14 The Wonky Vibe
The quantum boom shuddered through the USS Perseus, and shook the bones of the Chief Master-At-Arms.
While the crew stared rapt at the screen, Grif shifted his attention from the dazzling spectacle on the main viewer to the tactical station. Lieutenant Commander Bessek, the Ktarian Second Officer, had moved to the Ops station to check a reading with the Boslic Lieutenant Commander Tiroj. Grif took the moment to check out the Tac station on the right of the Master Systems Display.
As he expected, all systems were green and operating at optimal efficiency. He wondered if Perseus had had all her arms loaded in time for the trial run. He brought up the manifest; a moment later, when he still had access to the station, he somewhat casually brought up other lists of security and ship reports.
Scanning the scrolling files, one report caught his eye. He opened it.
He sent the data to the engineering station to the left of the MSD. Sublieutenant Vexa glanced at him over her shoulder. He closed his files.
“Sublieutenant, I have a small question.” Grif joined her side.
Vexa continued her scan of the chronotons returning quantum matrix data through the sensors, now automatically feeding navigational inputs into the helm. This system, developed by Dr. Brahms' team under the auspices of the Theoretical Propulsion Group, eliminated the phase variance problem that had plagued Voyager's previous trials of quantum slipstream, effectively bypassing the fourth dimension of time altogether. By pulsing the slipstream with chronotons it was possible to generate the real time phase corrections necessary to maintain a stable quantum matrix. This theoretical breakthrough, and the application of chronophasic emission technology, would redefine starship travel in ways that were anybody's guess.
Vexa punched up his diagnostic graphic on her main screen. “If you are referring to the misalignment of the cargo isofields, Chief, you should know it's a routine maintenance problem. Field emitters occasionally require recalibration with continued use.”
“Ok, I understand that. But the maintenance report has them being calibrated a few days ago. What could have caused them to misalign like that in a short period?”
“Many things. A kinetic wave analysis should provide more information.” She brought up the program and ran the data. A rotating three-dimensional wave schematic appeared on her display. “The patterns fluctuate from the inchoate to the incoherent. Intriguing. This isn't an intolerance. It appears as if a secondary waveform interference has altered the field.” She tapped a few commands, and a new waveform lay embedded within the first.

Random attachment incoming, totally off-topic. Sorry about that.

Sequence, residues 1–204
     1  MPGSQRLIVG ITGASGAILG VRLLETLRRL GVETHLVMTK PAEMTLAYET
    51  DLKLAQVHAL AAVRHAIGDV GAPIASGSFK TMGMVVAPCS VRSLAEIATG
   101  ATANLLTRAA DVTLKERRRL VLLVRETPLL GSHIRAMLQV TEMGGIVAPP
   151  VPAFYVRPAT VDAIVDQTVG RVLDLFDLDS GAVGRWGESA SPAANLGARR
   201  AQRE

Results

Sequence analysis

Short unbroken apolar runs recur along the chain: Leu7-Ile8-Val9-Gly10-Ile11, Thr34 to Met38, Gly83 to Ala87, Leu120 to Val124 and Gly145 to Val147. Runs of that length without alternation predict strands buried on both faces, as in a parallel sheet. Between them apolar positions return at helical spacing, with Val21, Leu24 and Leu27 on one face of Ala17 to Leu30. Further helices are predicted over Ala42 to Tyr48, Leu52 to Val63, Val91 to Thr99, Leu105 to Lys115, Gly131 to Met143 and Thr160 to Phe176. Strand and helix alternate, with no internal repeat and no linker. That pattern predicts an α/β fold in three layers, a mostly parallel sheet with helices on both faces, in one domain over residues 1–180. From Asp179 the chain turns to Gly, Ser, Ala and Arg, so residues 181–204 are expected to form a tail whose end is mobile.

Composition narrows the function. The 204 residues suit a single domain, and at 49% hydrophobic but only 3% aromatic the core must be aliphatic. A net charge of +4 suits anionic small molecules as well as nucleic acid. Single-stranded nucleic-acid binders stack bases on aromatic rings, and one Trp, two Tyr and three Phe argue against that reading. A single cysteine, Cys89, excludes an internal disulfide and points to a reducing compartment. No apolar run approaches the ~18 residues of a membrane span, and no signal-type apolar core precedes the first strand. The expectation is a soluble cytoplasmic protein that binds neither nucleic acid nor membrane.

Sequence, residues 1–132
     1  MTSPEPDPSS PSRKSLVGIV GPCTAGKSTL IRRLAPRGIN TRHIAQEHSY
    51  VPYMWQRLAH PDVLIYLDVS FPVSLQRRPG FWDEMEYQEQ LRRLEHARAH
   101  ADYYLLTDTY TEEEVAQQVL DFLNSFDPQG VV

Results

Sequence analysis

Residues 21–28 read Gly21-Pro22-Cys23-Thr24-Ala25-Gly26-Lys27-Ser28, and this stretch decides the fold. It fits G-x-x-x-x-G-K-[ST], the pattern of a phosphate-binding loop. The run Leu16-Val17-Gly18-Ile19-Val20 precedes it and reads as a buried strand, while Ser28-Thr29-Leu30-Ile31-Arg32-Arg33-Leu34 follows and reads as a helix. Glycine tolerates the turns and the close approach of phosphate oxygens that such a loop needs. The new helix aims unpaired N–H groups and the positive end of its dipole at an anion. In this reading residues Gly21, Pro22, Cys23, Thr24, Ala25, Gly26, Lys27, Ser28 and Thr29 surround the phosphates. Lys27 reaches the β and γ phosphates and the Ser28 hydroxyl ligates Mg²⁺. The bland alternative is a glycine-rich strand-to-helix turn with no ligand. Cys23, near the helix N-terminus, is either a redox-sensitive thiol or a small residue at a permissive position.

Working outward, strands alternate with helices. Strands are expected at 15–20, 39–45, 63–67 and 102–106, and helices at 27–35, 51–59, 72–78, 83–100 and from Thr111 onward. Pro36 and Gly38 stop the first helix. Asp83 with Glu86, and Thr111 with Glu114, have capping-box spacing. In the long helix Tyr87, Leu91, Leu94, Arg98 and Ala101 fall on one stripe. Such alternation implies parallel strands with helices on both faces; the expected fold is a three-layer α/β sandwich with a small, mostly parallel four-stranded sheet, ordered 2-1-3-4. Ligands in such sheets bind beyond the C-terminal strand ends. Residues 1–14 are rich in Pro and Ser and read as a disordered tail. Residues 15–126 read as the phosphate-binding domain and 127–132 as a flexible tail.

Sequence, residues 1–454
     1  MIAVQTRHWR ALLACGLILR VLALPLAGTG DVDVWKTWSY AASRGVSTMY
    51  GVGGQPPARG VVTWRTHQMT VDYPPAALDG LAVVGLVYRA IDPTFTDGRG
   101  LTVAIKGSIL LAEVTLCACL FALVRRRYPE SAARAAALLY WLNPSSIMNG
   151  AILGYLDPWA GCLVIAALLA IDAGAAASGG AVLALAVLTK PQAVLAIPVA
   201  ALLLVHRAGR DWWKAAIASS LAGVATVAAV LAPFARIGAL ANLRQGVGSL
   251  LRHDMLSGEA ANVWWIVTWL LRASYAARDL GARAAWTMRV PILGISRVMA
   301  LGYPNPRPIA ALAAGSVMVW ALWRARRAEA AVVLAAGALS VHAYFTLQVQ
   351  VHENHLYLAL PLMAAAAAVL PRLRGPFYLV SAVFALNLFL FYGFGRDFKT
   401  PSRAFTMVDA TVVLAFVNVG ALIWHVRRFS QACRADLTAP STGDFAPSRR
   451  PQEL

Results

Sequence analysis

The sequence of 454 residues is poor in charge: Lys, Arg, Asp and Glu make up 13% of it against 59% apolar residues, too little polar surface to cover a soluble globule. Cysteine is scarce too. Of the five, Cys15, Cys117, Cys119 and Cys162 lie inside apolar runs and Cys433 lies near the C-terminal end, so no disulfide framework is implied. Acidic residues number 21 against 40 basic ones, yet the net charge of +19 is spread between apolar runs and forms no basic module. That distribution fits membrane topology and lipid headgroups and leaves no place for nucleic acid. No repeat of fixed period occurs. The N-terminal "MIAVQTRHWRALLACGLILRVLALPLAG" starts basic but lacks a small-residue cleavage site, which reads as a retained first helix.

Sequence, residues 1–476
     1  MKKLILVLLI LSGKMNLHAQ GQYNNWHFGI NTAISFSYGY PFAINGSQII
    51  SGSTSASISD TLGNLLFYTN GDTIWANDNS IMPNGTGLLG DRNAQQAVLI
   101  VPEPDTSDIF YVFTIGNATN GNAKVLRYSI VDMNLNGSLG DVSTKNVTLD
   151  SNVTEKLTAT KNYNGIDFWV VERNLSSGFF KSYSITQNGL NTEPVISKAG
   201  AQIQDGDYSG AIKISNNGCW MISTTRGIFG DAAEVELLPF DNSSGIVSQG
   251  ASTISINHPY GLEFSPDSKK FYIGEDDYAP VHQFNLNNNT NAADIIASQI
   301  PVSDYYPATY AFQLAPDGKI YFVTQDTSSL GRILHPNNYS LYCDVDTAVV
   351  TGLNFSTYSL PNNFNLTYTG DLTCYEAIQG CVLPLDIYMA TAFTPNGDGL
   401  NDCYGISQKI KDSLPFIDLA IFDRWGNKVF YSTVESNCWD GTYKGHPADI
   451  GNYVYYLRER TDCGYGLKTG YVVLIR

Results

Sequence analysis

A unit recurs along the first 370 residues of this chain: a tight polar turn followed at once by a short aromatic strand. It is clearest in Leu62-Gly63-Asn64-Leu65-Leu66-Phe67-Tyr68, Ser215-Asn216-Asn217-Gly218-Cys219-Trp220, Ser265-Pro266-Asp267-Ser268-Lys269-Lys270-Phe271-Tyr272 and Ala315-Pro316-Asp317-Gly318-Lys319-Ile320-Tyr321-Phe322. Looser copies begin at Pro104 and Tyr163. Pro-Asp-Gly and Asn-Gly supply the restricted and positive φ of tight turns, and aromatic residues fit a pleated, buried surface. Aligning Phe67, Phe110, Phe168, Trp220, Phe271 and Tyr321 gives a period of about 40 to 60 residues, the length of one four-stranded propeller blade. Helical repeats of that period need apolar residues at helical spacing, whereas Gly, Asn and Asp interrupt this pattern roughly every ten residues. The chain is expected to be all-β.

“What could do that?”
“An energy pocket. Ionized nebular matter. An inverted inertial dampening spike. Iogenic magnetic flux, anionic or bioelectric field -”
“That's not logical.”
She raised her brow to him.
“I mean it doesn't make much sense. There aren't any “energy pockets” on the ship's manifest. Could it be anything else? Maybe something happened during the lockdown?”
She looked at him. “Holograms.” She resumed her analysis. “A magnetic containment field could be conceivably configured in such a way as to generate these differential wave patterns. It may take some time to reverse-engineer a form that would create this result.”
“Are there any records of security holograms that were around this system in the past few days?”
“Perhaps you are better suited to answering that question than I. Logically, if we were to pursue this matter, I should search for any other isofield system anomalies and cross-check them with the ship's lading manifest to find any commonalities.”
Grif scanned the bridge crew. The Tac officer was still engaged at Ops. The others were absorbed in the performance of the chronoton phase emitters and the integrity of the quantum matrix. As was Vexa, before he'd interrupted her with this minor curiosity. “I'm going to go check it out. Forget I said anything, you've got more important things to take care of. Thanks, Sublieutenant.” He headed for the turbolift.